Honey, I Shrunk the Kids
September 03, 2005 through January 08, 2006
Curated by Curator: Matt Distel
"Why does someone imagine their home as someplace else?"
The video works by Guy Ben-ner draw us in with their charming simplicity - parents playing with their children, building clever devices, toys, sets and characters that inevitably delight and amuse. The distance between child and adult is compressed and we, the audience, are reminded of the sheer joy of playing make-believe and dress-up and watching adults act silly for our pleasure. Beneath this playful atmosphere, however, Ben-Ner tackles some of the very difficult universal (and the intensely personal) issues swirling around any domestic environment. Along the way Ben-Ner extracts references from such far flung sources as French New Wave cinema, conceptual art, Rube Goldberg, nature films, classic literature, transgressive body and performance art, and the films of Charlie Chaplin and Buster Keaton.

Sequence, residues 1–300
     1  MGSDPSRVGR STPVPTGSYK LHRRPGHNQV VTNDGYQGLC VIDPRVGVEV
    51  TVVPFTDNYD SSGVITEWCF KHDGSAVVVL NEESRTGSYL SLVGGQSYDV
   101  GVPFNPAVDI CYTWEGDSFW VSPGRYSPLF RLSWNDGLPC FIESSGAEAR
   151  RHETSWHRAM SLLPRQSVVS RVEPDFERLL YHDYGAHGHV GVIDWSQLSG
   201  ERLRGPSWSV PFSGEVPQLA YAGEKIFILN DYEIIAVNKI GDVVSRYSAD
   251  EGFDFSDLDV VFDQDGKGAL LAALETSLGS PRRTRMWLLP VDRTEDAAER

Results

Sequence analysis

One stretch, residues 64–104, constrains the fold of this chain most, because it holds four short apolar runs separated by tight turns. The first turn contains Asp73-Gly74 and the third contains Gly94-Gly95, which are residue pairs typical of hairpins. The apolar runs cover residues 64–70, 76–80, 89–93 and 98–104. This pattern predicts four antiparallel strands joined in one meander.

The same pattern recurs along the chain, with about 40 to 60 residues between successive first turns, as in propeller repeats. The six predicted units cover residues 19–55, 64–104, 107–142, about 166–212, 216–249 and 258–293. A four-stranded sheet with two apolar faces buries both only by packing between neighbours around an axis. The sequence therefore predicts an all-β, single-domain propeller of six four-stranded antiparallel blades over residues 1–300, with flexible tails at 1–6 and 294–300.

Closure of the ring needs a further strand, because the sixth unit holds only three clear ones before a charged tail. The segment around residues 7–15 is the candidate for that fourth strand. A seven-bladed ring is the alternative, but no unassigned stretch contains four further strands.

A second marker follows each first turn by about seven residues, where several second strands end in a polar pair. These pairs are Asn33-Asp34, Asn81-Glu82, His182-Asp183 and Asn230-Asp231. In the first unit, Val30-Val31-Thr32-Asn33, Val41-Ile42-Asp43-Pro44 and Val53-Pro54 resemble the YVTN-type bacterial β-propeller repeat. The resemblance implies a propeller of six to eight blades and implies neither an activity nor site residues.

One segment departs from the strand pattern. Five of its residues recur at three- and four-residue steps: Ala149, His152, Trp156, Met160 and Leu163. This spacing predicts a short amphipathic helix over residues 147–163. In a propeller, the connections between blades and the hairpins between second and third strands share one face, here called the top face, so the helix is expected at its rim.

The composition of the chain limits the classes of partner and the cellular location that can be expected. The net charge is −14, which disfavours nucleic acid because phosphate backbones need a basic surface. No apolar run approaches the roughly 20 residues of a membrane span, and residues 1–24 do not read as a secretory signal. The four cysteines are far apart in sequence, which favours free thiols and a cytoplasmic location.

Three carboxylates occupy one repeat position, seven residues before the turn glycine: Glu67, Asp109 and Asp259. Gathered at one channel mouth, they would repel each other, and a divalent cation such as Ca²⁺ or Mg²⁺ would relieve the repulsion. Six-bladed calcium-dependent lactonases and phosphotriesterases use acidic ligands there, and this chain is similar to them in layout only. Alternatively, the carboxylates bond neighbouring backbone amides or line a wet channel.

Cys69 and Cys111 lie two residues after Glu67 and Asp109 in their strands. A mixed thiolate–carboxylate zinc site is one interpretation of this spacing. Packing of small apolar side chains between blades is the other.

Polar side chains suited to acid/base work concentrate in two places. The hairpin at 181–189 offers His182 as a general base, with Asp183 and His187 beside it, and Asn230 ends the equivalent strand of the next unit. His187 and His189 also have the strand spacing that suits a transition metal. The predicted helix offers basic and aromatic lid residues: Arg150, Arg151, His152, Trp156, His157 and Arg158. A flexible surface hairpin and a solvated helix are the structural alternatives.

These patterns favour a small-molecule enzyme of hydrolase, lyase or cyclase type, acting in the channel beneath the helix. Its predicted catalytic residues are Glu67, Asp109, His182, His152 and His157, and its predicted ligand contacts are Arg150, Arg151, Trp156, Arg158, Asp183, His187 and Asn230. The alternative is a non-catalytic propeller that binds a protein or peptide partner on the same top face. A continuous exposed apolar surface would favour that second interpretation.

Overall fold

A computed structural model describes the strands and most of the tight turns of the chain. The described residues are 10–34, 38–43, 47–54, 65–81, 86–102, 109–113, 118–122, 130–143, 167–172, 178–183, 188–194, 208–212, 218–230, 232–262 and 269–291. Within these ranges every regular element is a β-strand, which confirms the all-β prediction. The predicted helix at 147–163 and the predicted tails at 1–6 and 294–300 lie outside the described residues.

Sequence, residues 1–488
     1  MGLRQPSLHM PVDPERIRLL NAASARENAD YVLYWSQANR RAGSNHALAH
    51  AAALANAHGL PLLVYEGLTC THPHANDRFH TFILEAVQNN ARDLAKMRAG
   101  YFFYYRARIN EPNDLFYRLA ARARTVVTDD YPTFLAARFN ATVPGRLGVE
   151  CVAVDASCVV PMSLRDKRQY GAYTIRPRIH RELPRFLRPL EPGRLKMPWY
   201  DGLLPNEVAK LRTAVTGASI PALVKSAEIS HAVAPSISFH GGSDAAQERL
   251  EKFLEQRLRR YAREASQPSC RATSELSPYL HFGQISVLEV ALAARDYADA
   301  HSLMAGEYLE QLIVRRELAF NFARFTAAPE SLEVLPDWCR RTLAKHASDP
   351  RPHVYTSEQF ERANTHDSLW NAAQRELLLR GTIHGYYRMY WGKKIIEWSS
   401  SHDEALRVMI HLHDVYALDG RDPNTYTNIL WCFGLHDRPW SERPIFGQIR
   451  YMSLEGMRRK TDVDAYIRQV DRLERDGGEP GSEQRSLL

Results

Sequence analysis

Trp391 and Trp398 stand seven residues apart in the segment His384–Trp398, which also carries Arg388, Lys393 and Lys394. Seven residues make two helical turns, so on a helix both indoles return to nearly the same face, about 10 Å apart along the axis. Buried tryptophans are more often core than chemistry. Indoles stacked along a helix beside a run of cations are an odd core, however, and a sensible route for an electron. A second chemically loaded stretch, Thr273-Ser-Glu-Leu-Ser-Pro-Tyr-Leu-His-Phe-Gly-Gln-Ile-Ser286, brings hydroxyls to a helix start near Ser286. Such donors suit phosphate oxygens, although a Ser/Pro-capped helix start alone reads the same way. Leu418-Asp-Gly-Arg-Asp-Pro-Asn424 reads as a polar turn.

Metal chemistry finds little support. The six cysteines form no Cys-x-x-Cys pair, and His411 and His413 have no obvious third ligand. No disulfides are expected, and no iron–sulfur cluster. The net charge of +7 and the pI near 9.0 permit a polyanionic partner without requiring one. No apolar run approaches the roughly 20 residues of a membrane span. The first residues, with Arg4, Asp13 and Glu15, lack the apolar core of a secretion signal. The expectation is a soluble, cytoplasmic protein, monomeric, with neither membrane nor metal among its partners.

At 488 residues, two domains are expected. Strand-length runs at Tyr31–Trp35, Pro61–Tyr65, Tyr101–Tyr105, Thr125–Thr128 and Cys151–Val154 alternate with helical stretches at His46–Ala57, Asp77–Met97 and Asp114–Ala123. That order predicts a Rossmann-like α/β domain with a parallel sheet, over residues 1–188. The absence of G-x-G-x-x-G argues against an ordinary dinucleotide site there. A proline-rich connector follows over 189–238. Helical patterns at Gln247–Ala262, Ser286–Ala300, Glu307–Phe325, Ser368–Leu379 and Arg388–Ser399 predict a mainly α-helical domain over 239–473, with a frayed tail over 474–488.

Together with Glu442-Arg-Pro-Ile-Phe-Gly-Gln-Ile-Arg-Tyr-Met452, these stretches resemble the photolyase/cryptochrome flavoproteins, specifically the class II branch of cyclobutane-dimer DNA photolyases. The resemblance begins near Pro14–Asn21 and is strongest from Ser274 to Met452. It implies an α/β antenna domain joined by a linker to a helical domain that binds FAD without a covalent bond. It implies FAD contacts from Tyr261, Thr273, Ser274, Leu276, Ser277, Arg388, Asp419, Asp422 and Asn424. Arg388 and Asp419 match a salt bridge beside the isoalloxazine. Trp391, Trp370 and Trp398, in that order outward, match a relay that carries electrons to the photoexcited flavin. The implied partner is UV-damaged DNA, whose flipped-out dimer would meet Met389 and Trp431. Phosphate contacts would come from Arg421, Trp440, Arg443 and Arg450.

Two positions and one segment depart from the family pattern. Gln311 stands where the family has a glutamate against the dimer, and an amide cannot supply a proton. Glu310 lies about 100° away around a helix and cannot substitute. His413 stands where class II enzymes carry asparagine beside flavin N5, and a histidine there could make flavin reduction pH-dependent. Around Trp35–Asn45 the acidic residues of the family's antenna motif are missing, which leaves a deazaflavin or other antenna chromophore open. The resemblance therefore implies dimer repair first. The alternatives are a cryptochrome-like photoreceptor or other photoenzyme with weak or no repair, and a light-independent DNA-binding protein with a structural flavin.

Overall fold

Throughout each of the four videos presented here, Ben-Ner demonstrates an astonishing economy of means constructing ad-hoc props and sets in his kitchen, city parks and his son's bedroom. The works in this exhibition span the years 2000 to 2004 and overlap with the Ben-Ner family's move from Tel Aviv, Israel to New York City. Ben-Ner's parental responsibilities and housing situation are inextricably linked to his work. Rather than attempting to find time away from his family to create work in his studio, Ben-Ner faces these issues head-on, occasionally placing the audience in the uncomfortable position of witnessing the intimate moments of someone else's family.